Eliminate the Use of Temporary Tables For HUGE Performance Gains

An Example: Rewriting A Stored Procedure Using Temp Tables 

For this example, we will use the Northwind database. The problem we want to solve is that we need a listing of categories and products in the Northwind database, with a column stating how many products are in each category. This is based on a real case where I needed the count of products within each category. For the curious, the reason was so that I could create JavaScript dynamically to populate a second listbox on the fly.

The desired output looks something like this:

Category Name> Product Name> Category Count>
Beverages Outback Lager 2
Beverages Chang 2
Condiments Aniseed Syrup 3
Condiments Cajun Seasoning 3
Condiments Gumbo Mix 3

This result says that for the category beverages, there are two products.

The first query that follows, which is designed to produce the required results, is slow and uses a temporary table.


SELECT GETDATE()

GO

– CREATE OUR TEMPORARY TABLE

CREATE TABLE #Temp_Example ( 
     [CategoryID] INT NOT NULL, 
     [Category_Count] INT NOT NULL
)

– INSERT THE VALUES WE LATER NEED INTO THE TEMP TABLE

INSERT INTO #Temp_Example (CategoryID, Category_Count)
SELECT C.CategoryID, COUNT(*) AS Category_Count
FROM Categories C
INNER JOIN Products P ON C.CategoryID = P.CategoryID
GROUP BY C.CategoryID, C.CATEGORYNAME

– JOIN ON THE TEMP TABLE TO GET OUR VALUES

SELECT C.CategoryID, C.CategoryName, P.ProductName, P.UnitPrice, #Temp_Example.Category_Count
FROM Categories C
INNER JOIN Products P ON C.CategoryID = P.CategoryID
INNER JOIN #Temp_Example ON C.CategoryID = #Temp_Example.CategoryID
ORDER BY C.CategoryName

– DROP TEMPORARY TABLE

DROP TABLE #Temp_Example

GO

SELECT GETDATE()

Now, let’s take a look at a query that produces the same result, but does not use a temporary table, but instead uses a derived table.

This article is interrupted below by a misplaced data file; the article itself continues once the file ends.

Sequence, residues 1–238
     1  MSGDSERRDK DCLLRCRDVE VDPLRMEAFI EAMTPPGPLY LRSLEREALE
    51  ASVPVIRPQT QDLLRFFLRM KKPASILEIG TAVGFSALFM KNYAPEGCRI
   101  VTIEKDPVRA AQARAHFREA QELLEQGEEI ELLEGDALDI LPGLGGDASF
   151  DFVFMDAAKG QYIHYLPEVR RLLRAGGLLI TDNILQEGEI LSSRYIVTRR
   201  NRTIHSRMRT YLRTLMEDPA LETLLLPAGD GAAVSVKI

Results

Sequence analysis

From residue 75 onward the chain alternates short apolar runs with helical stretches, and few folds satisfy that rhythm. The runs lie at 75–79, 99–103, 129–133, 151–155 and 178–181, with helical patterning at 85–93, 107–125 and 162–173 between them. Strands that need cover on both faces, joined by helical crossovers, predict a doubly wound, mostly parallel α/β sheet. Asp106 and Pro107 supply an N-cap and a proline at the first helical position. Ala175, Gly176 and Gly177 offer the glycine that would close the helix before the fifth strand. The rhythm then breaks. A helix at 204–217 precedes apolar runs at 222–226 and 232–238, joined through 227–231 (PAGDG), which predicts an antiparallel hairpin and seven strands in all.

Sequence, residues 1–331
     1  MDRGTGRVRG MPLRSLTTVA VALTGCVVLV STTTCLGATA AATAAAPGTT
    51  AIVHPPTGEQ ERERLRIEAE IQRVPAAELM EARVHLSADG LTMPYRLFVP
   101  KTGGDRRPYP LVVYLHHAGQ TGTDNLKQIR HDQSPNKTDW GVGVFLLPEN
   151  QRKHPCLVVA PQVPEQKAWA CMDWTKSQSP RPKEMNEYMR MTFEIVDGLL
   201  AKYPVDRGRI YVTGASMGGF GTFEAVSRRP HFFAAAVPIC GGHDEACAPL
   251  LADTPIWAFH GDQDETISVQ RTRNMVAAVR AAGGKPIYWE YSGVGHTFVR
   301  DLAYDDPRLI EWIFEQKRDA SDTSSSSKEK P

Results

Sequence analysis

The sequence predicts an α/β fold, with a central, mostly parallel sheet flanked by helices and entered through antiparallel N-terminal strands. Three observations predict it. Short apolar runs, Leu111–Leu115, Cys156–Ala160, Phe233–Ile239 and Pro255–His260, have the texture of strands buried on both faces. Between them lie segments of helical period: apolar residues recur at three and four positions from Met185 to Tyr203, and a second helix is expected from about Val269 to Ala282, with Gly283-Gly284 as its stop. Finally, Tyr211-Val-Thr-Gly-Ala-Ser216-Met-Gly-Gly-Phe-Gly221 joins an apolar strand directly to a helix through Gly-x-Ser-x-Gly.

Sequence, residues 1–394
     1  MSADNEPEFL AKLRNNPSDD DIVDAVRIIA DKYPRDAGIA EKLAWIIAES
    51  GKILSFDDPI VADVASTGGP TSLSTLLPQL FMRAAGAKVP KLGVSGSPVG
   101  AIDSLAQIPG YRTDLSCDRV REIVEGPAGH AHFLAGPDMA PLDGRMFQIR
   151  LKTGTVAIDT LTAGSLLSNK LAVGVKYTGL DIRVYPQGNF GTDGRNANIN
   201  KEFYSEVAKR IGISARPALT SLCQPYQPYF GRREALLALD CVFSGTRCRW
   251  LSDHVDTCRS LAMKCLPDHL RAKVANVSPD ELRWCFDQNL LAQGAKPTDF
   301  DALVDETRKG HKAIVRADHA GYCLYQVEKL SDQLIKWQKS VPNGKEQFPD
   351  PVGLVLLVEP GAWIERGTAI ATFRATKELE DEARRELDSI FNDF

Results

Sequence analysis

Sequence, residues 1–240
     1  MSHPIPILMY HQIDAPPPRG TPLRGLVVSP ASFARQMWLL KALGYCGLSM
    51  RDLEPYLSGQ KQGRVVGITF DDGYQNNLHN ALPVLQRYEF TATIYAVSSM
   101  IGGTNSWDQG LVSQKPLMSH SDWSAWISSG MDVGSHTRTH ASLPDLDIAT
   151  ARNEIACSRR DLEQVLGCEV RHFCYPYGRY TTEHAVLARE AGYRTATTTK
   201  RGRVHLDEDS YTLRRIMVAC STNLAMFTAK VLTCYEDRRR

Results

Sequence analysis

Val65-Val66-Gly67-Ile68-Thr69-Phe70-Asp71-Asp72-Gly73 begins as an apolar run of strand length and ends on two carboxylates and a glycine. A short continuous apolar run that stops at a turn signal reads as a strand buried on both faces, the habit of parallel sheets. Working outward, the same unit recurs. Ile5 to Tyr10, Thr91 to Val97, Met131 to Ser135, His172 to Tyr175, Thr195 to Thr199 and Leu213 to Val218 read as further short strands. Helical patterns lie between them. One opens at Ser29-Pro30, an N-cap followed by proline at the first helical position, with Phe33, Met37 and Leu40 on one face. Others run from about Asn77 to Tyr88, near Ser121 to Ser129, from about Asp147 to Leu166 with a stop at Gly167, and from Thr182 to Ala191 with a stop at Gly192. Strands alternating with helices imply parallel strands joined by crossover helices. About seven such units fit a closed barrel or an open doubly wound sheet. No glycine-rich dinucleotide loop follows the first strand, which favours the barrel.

SELECT GETDATE()

GO

– NOTE HOW WE SIMPLY JOIN ON THE TABLE CREATED IN MEMORY BASED ON THE CATEGORY ID

SELECT C.CategoryID, C.CategoryName, P.ProductName, P.UnitPrice, CT.Category_Count
FROM Categories C
INNER JOIN Products P ON C.CategoryID = P.CategoryID
INNER JOIN ( 
            SELECT C.CategoryID, COUNT(*) AS Category_Count
            FROM Categories C 
            INNER JOIN Products P ON C.CategoryID = P.CategoryID
            GROUP BY C.CategoryID, C.CategoryName 
            )CT ON C.CategoryID = CT.CategoryID
ORDER BY C.CategoryName

GO

SELECT GETDATE()

The first query’s performance is dramatically improved with little effort by using a derived table, as demonstrated in the second query.

Here are the steps we took to improve the queries performance:

1. We took the SELECT query from our SELECT INTO query, and put it in parentheses followed by a table name.
2. We joined on the table now in memory, rather than a temporary table.
3. We changed the name of the column selected in our SELECT statement to the name of the column in the nested query.

As you can see, using derived tables is a great way to solve complex business problems!

Give It a Test

I recently read the chapter on advanced queries in the book, Professional SQL Server 2000 Programming, and it states that if your result is going to be large, then it might be better to create a temporary table with an index, because derived tables do not have an index. Don’t let the last statement scare you, I’ve seen a few queries go from using temporary tables or cursors to derived tables and the performance was increased by 50% or greater. As always, you will never know until you test!

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